• The inner driver 210 can have a variety of configurations, but as indicated above the inner driver 210 is preferably configured to engage and mate to the post 100. In the illustrated embodiment, the inner driver 210 has an elongate shaft 212 having a distal mating tip 214 and a proximal end having a handle 216 formed thereon or mated thereto. The distal mating tip 214 can have a variety of configurations, but the tip 214 preferably has a shape that complements the shape of the mating feature formed on or in the proximal end of the post 100. For example, in the illustrated embodiment the inner driver 210 includes a tip 214 having a hexagonal shape configured to be received in a hexagonal socket formed in the proximal end of the post 100. Such a configuration allows the tip 214 to extend into and engage the post such that rotation of the inner driver 210 is effective to rotate the post into bone. In other embodiments the distal tip 214 can be in the form of an Allen wrench, a Phillips head screw-driver, a flat-head screw-driver, a torque wrench, or it can have any other configuration for engaging and rotating the post 100. The handle 216 at the proximal end of the elongate shaft can also have a variety of configurations. In the illustrated embodiment, the handle 216 is in the form of a generally elongate member having flutes formed thereon to facilitate grasping of the handle 216. In other embodiments, the elongate shaft can be configured to mate to a drill or other driver for rotating the elongate shaft to drive the post 100 into bone.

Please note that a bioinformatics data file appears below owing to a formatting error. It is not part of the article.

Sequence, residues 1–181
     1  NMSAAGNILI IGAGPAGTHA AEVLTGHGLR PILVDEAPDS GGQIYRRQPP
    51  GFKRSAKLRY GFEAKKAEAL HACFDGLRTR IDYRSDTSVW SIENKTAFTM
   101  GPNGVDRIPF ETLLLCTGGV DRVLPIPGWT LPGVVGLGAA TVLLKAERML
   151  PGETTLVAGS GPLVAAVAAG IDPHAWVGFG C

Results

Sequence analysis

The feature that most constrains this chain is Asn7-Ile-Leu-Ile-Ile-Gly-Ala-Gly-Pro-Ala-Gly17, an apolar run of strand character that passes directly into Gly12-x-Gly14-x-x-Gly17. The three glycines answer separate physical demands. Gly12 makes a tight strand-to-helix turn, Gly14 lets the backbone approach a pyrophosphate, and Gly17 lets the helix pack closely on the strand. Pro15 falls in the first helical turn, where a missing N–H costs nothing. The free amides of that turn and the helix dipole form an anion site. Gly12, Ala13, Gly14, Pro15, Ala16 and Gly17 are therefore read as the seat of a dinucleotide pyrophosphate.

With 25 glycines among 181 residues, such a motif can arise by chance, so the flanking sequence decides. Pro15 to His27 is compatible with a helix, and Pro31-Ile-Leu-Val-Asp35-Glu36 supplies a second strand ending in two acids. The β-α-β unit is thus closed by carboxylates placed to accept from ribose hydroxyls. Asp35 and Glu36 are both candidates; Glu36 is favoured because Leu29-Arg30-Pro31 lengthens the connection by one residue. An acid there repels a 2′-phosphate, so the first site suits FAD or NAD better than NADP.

• The outer driver 220 can also have a variety of configurations, but as indicated above the outer driver 220 is preferably configured to engage and mate to the washer. As shown in FIGS. 2A and 2B, the washer 110 is freely slidably disposed around the elongate shaft 212 of the inner driver 210. The outer driver 220 can include a hollow elongate shaft 222 having an opening or socket 224 formed in the distal end thereof and configured to receive and engage the washer 110. As a result, rotation of the outer driver 220 about the inner driver 210 is effective to rotate the washer 110 about the post 100. The socket 224 can have various shapes and sizes to allow the socket 224 to receive and engage the washer 110. In the illustrated embodiment, the socket 224 has a hexagonal configuration to engage the hexagonal outer surface of the washer 110. A person skilled in the art will appreciate that a variety of other techniques can be used to enable the outer driver 220 to engage and rotate the washer 110 onto the threaded proximal end of the post 100. As with the inner driver 210, the outer driver 220 can also include a handle 226 mated to or formed on the proximal end of the elongate shaft 222. The handle can have a variety of configurations, but in the illustrated embodiment the handle 226 is in the form of a bulbous member having flutes formed thereon and configured to facilitate grasping of the handle. The handle 226 can, however, have a variety of other shapes and sizes. As further shown in FIG. 2A, the handle 226 on the outer driver 220 can be positioned distal to the handle 216 on the inner driver 210. Such a configuration allows the inner driver 210 to extend through the outer driver 220. Such a configuration can also allow the inner driver handle 216 to be impacted, if necessary, to help drive the post into bone. In other embodiments, various actuation mechanisms can be used, such as a palm-grip or pistol-grip actuator. For example, the handle can be in the form of a single housing having various actuation members thereon, such as rotatable knobs, triggers, etc.